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Stewart v. Wenerowicz

United States District Court, Third Circuit

December 30, 2013

MICAH JERMAINE STEWART, Petitioner,
v.
MICHAEL WENEROWICZ, et al., Respondents.

ORDER

PAUL S. DIAMOND, District Judge.

On February 5, 2007, state prisoner Micah Stewart was sentenced to life imprisonment following his conviction for first degree murder. (Doc. No. 7 at 3.) The conviction became final on August 25, 2008, when the Pennsylvania Supreme Court denied allocatur. (Doc. No. 7 at 4.) On June 23, 2009, Petitioner, acting pro se, filed a PCRA petition, which was amended by court-appointed counsel. The denial of PCRA relief is presently on appeal before the Pennsylvania Superior Court (Doc. No. 7 at 4, 6.)

On December 6, 2012, Petitioner, again acting pro se, filed the instant request for habeas relief. 28 U.S.C. ยง 2254; (Doc. No. 1). On May 7, 2013, the Magistrate Judge recommended dismissing the Petition for failure to exhaust state remedies. Applying Rhines v. Weber, the Magistrate concluded that the Petition should not be stayed and held in abeyance. 544 U.S. 269 (2005); (Doc. No. 7 at 8-9). Petitioner did not timely object, and I dismissed the Petition without prejudice on May 29, 2013. (Doc. No. 9.)

On November 13, 2013, Petitioner filed an "Application to Reopen, " asking me to stay his Petition and hold it in abeyance. He argues that the habeas clock will expire if his Petition is not stayed because: (1) state appointed counsel for his PCRA proceedings may not notify him timely of the outcome of those proceedings; and (2) he intends to file a second PCRA petition raising a claim under Martinez v. Ryan , 132 S.Ct. 1309 (2012). (Doc. No. 10.) The Commonwealth has not responded to Petitioner's request. (Doc. No. 12.) I will construe Petitioner's untimely submission as an objection to the Magistrate's Report and Recommendation and determine de novo whether to stay his Petition.

I may grant a stay if the Petitioner has satisfied three requirements: (1) good cause for failing to exhaust; (2) potentially meritorious unexhausted claims; and (3) the absence of intentionally dilatory litigation tactics. Heleva v. Brooks , 581 F.3d 187, 192 (3d Cir. 2009) (citing Rhines, 544 U.S. at 278).

To be sure, "the time remaining on the one-year [AEDPA] clock... could reasonably be a component in the good cause' determination." Gerber v. Varano, 512 F.Appx. 131, 135 (3d. Cir. 2013) (citing Heleva , 581 F.3d at 192-93). But Petitioner still has approximately 60 days remaining on his habeas clock, significantly more time than in cases where courts have expressed concern about the habeas clock expiring. See, e.g., Gerber, 512 F.Appx. at 135 (one day remaining); Heleva , 581 F.3d at 190, 193 (although the petitioner alleged one day remaining, the Court questioned need for stay because at least 30 days remained). Although Petitioner fears his PCRA counsel will not timely notify him of the resolution of his PCRA proceedings, he bases this fear on counsel's purported "fail[ure] to raise a substantial claim of trial counsel's ineffectiveness during the initial proceedings." (Doc. No. 10 at 2.) Yet, Stewart's counseled PCRA petition (whose denial is presently on appeal) includes that ineffective assistance claim. In any event, given the time remaining on the habeas clock, and the speculative nature of his concern, Petitioner has not made out good cause for his failure to exhaust state remedies before filing the instant Petition.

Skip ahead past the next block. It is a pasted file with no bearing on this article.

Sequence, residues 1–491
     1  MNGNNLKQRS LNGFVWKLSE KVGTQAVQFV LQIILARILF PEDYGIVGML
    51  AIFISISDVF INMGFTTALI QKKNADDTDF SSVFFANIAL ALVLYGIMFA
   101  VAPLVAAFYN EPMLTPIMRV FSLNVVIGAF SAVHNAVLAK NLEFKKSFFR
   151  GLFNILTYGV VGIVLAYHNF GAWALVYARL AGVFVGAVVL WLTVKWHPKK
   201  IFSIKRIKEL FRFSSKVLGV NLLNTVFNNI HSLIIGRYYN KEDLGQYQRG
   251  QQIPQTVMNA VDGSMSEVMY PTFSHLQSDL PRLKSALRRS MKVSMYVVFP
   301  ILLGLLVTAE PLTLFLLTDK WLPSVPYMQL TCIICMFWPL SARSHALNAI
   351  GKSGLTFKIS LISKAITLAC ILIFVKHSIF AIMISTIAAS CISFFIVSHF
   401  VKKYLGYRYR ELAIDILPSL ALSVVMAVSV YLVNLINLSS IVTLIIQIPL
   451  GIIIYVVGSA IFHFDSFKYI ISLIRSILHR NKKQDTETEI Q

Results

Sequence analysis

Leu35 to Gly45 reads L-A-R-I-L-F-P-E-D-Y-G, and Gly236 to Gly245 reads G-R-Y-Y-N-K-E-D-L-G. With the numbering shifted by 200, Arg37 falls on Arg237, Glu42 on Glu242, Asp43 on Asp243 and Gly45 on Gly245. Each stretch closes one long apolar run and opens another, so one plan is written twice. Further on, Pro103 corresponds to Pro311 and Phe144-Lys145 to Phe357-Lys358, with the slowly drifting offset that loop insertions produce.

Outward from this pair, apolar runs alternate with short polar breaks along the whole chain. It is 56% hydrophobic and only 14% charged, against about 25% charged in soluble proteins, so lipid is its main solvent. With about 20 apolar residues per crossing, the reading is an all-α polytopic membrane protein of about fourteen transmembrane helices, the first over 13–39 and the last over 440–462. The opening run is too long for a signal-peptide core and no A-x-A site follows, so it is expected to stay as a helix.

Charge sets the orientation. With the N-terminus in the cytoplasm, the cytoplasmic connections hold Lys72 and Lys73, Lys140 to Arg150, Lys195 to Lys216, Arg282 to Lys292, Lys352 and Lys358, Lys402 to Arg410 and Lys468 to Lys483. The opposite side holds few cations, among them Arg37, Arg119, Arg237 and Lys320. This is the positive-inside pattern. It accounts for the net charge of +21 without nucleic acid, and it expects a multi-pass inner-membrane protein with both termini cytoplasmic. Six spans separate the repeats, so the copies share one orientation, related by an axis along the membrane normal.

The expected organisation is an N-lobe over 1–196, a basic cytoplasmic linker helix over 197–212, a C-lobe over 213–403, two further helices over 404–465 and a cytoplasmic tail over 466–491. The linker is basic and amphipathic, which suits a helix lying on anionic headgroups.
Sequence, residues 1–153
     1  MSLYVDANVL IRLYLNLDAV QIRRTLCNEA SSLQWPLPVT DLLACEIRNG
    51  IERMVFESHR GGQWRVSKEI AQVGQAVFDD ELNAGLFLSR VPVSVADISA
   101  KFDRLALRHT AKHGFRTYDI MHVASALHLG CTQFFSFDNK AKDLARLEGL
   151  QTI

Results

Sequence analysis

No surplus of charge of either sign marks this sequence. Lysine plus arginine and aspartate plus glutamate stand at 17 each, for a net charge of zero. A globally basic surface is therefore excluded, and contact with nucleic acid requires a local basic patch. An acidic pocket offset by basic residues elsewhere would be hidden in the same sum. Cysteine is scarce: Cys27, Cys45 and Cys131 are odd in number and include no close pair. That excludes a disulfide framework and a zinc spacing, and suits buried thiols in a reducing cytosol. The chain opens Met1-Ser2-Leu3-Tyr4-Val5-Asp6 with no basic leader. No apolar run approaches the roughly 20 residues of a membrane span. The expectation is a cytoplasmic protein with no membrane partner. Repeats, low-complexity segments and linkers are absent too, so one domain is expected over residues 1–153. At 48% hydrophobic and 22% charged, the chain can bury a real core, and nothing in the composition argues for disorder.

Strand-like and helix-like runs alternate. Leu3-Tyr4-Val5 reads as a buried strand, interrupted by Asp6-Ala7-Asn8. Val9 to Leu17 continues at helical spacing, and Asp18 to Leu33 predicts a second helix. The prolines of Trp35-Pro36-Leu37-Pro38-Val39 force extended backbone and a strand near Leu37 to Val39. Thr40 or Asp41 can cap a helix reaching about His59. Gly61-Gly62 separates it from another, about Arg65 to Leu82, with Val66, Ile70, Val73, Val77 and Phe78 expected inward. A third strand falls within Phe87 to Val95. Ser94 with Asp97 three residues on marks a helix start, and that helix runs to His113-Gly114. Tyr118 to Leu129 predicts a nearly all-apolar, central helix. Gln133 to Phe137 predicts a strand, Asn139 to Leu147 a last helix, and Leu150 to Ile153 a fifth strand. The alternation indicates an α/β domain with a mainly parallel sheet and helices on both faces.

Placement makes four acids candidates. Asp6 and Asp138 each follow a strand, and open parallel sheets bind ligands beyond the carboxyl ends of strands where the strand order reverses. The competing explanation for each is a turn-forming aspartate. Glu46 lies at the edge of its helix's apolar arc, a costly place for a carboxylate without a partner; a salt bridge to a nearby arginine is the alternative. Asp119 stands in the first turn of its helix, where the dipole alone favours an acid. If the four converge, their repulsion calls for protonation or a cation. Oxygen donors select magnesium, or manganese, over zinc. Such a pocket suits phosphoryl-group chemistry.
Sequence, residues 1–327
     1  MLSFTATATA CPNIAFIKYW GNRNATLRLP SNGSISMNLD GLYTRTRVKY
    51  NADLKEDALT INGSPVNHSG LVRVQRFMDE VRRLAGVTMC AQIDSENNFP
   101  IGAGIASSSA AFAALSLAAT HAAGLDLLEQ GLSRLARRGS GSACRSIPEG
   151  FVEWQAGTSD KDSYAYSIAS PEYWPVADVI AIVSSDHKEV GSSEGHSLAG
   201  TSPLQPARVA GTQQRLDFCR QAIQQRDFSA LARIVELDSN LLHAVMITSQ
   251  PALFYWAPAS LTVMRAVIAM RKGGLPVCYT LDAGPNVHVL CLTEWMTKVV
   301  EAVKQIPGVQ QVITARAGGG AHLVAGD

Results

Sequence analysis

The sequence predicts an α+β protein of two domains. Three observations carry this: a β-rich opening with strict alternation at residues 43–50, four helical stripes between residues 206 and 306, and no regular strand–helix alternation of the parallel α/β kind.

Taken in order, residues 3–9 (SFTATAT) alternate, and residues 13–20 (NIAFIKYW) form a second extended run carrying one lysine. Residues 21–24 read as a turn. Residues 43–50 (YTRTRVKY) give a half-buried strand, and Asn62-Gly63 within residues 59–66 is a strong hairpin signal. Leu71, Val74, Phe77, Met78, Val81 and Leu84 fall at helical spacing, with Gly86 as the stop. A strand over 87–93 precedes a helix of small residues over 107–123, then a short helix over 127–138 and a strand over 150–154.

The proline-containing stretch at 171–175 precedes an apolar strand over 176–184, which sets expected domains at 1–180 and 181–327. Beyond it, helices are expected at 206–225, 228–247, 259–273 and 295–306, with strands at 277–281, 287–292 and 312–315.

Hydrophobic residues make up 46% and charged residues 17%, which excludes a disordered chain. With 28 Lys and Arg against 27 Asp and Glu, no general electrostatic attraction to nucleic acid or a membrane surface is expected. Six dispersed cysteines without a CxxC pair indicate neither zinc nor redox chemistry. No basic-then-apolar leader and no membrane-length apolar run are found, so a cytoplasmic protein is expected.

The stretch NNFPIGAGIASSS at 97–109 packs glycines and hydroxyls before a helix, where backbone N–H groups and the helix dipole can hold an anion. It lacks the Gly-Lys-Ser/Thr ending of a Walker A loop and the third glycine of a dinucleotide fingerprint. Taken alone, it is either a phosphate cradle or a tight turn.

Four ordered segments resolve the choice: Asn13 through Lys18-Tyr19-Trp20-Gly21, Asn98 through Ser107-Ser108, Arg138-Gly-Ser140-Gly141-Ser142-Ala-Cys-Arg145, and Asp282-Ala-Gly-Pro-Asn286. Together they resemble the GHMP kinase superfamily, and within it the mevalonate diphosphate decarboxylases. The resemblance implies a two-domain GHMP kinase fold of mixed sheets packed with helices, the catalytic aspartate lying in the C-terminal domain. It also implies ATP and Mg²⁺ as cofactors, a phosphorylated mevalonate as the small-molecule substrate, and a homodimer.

Petitioner's second ground-that a stay is necessary to allow him to file a second PCRA petition based on Martinez-is also meritless. The Martinez Court addressed whether a state court criminal defendant may raise an ineffective counsel claim at federal habeas where he has procedurally defaulted on that claim in state court collateral proceedings. 132 S.Ct. at 1320. As such, a "Martinez claim" can be raised only in federal court. Moreover, Petitioner has not defaulted on his ineffective assistance of counsel claims-again, they are included in his current PCRA petition (on appeal). Once again, Stewart has failed to make out good cause for his failure to exhaust state remedies before filing the instant Petition.

In light of Petitioner's failure to make out "good cause, " I will deny his request for a stay. Rhines, 544 U.S. at 277.

AND NOW, this 30th day of December, 2013, it is hereby ORDERED that:

1. Petitioner's "Application to Reopen" (Doc. No. 10) is DENIED;
2. The Report and Recommendation of the Honorable M. Faith Angell, United States Magistrate Judge, (Doc. No. 7) is APPROVED and ADOPTED;
3. The Petition (Doc. No. 1) is DISMISSED without prejudice for failure to exhaust available state court remedies;
4. No certificate of appealability shall issue;
5. The Clerk of Court shall mark this case CLOSED for statistical purposes.

AND IT IS SO ORDERED.


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